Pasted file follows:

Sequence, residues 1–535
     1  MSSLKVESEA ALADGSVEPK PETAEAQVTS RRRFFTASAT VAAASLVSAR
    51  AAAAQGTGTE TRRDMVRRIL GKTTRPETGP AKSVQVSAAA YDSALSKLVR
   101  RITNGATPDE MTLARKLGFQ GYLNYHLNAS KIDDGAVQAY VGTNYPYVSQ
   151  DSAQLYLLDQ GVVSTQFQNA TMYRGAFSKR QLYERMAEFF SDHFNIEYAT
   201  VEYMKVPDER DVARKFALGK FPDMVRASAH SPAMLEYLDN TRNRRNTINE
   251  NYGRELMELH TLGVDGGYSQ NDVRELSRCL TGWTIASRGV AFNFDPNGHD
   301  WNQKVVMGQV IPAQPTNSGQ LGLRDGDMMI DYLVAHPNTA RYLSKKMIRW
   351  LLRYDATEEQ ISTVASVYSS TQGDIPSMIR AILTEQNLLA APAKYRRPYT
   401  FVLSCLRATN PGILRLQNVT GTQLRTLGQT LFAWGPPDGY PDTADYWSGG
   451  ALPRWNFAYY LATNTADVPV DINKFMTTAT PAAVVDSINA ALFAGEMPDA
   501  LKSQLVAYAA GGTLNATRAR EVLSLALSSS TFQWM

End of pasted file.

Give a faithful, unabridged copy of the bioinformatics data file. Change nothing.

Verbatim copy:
Sequence, residues 1–535
     1  MSSLKVESEA ALADGSVEPK PETAEAQVTS RRRFFTASAT VAAASLVSAR
    51  AAAAQGTGTE TRRDMVRRIL GKTTRPETGP AKSVQVSAAA YDSALSKLVR
   101  RITNGATPDE MTLARKLGFQ GYLNYHLNAS KIDDGAVQAY VGTNYPYVSQ
   151  DSAQLYLLDQ GVVSTQFQNA TMYRGAFSKR QLYERMAEFF SDHFNIEYAT
   201  VEYMKVPDER DVARKFALGK FPDMVRASAH SPAMLEYLDN TRNRRNTINE
   251  NYGRELMELH TLGVDGGYSQ NDVRELSRCL TGWTIASRGV AFNFDPNGHD
   301  WNQKVVMGQV IPAQPTNSGQ LGLRDGDMMI DYLVAHPNTA RYLSKKMIRW
   351  LLRYDATEEQ ISTVASVYSS TQGDIPSMIR AILTEQNLLA APAKYRRPYT
   401  FVLSCLRATN PGILRLQNVT GTQLRTLGQT LFAWGPPDGY PDTADYWSGG
   451  ALPRWNFAYY LATNTADVPV DINKFMTTAT PAAVVDSINA ALFAGEMPDA
   501  LKSQLVAYAA GGTLNATRAR EVLSLALSSS TFQWM